Thousands more Marines and sailors will make Australian port calls in coming years as the U.S. boosts it presence in the South Pacific region.
The Pentagon plans to dispatch another three-ship amphibious ready group to the Asia-Pacific region as early as October 2018, Lt. Gen. John Wissler, head of U.S. Marine Corps Forces Command, said on Wednesday. The ships will likely come from the West Coast with an embarked Marine expeditionary unit, he added.
The goal is to augment the Marines that currently deploy to Australia's Northern Territory on six-month rotations, Wissler said during a discussion at the Center for Strategic and International Studies think tank in Washington. About 1,250 Marines currently deploy to Australia each year, but U.S. and Aussie officials hope to boost that number to 2,500 by 2020.
Adding another ARG/MEU will mean another 4,000 sailors and Marines will be rotating through the South Pacific.
“The actual basing ... and all of those significant details are being worked out," Wissler said. "That’s why it’s a [fiscal] 2019 problem because, as you can imagine, it’s a very complex undertaking.”
The Marine Corps has not determined whether the new MEU will come from the continental U.S., Hawaii or Japan, Wissler said.
A spokesman for U.S. Pacific Fleet said it is too soon to say which ships may be assigned to the MEU in fiscal 2019.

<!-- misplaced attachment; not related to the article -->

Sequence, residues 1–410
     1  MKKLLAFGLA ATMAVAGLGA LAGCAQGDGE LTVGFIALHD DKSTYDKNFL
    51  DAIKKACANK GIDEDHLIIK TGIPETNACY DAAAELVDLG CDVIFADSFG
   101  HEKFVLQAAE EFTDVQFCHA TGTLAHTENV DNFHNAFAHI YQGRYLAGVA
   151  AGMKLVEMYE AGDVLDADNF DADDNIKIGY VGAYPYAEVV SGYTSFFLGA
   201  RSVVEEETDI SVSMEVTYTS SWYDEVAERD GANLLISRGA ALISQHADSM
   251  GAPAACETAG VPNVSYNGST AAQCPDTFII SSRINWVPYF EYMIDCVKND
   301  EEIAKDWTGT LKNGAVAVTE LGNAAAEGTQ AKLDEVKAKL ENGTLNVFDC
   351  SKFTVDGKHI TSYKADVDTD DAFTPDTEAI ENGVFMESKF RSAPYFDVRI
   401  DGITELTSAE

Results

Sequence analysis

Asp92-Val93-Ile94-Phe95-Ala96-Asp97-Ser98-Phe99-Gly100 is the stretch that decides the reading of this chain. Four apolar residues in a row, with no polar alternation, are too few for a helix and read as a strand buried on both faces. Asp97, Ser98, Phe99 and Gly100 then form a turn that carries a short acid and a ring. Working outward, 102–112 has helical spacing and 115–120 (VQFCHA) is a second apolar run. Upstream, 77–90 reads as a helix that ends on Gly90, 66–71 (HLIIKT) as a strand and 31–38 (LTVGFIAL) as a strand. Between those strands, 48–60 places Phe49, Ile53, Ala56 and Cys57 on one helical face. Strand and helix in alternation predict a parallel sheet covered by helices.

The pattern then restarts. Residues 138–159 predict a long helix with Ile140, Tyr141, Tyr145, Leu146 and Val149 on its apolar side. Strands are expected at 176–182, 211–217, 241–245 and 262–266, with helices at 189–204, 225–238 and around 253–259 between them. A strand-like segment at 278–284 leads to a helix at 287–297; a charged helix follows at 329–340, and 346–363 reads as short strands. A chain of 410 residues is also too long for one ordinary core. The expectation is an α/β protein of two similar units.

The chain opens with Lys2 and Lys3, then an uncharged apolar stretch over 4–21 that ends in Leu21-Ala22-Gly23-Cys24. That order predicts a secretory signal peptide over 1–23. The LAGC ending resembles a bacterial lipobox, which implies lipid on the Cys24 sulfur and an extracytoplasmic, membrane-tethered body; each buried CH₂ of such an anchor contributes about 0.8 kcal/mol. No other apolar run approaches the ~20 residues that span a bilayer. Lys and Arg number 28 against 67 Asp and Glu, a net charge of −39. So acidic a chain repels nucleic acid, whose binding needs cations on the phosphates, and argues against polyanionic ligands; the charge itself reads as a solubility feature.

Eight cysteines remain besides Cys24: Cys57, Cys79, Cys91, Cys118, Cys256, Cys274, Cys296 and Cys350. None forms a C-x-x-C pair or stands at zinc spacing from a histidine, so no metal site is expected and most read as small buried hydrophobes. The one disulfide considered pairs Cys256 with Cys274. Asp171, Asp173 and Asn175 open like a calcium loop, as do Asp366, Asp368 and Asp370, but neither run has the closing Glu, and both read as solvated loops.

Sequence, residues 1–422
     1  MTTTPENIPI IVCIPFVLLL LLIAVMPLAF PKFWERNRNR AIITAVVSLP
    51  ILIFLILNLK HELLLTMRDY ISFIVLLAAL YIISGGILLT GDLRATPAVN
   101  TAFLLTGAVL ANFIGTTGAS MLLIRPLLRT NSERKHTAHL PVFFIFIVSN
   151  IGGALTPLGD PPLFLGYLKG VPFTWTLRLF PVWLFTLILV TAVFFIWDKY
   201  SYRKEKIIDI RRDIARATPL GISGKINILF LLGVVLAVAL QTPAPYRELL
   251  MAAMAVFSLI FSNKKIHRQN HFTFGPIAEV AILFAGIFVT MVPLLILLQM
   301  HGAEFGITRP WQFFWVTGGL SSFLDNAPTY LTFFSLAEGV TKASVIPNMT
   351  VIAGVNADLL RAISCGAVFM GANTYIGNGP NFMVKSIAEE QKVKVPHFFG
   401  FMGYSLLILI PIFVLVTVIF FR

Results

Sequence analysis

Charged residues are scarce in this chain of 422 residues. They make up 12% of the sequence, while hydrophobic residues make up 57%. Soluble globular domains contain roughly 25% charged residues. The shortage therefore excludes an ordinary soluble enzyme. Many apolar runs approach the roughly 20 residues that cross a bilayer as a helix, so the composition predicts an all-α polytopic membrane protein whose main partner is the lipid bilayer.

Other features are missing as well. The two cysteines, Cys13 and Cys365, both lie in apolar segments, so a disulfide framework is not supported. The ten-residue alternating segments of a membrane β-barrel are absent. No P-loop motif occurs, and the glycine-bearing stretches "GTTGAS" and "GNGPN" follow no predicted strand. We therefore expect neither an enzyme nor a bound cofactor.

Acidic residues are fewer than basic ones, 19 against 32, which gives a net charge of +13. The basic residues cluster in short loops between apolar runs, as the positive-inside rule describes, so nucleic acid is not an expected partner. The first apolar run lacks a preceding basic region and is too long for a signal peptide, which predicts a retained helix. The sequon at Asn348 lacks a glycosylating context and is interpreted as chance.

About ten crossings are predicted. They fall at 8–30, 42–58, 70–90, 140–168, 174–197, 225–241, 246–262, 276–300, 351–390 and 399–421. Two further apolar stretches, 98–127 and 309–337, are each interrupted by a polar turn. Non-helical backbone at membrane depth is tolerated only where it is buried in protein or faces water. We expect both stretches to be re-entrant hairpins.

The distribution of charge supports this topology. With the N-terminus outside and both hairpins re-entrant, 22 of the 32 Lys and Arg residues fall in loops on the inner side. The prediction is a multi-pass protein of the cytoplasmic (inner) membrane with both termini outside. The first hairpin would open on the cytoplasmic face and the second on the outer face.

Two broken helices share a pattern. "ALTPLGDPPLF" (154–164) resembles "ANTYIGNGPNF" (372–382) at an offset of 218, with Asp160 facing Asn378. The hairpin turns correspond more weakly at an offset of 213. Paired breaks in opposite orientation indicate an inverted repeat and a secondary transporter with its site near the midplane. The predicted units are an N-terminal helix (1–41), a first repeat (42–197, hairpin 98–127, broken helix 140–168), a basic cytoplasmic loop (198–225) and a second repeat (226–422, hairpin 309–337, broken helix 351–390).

“The U.S. Navy remains committed to posturing our most advanced and capable ships and aircraft to the Indo-Asia-Pacific,” said Lt. Cmdr. Matt Knight. “We continually monitor force readiness and capabilities to provide the most robust, capable maritime force possible. Long range planners constantly evaluate whether ships, aircraft, facilities, and equipment are being used effectively and efficiently.”
The Japan-based 31st Marine Expeditionary Unit currently conducts two 90-day patrols in the Pacific each year: one in the spring and another in the fall. The Marines and sailors also respond to humanitarian crises in the region throughout the year.
Wissler said the new arrangement would allow that unit to focus on Northeastern Asia while the new ARG/MEU conducted two 90-day patrols in the South Pacific.
Wissler did not say which ships would make up the amphibious ready group, but former Chief of Naval Operations Adm. Jon Greenert has said the amphibious assault ship America is a “prime candidate” to visit Australia as part of such a group.
“They will go into Darwin … and conduct on-load and off-load,” Greenert told Navy Times in March 2015.
While the Marines train in Australia, the ships in the ARG can operate and conduct exercises in the Southeast Asia region, Greenert said.
The amount of time Marines can train in Australia is limited by the monsoon season from November to March, during with most of the training center in Darwin is swamped.
"With the way the rainy season works, it is only good to operate around there about six months out of the year," Greenert told Navy Times. "In fact, when we were in Australia, we chose the rainy period. We [now] know what they mean."
The bad weather also makes it difficult for ships like America to offload equipment in Darwin’s port, which will need to be expanded to accommodate an amphibious assault ship and two dock landing ships.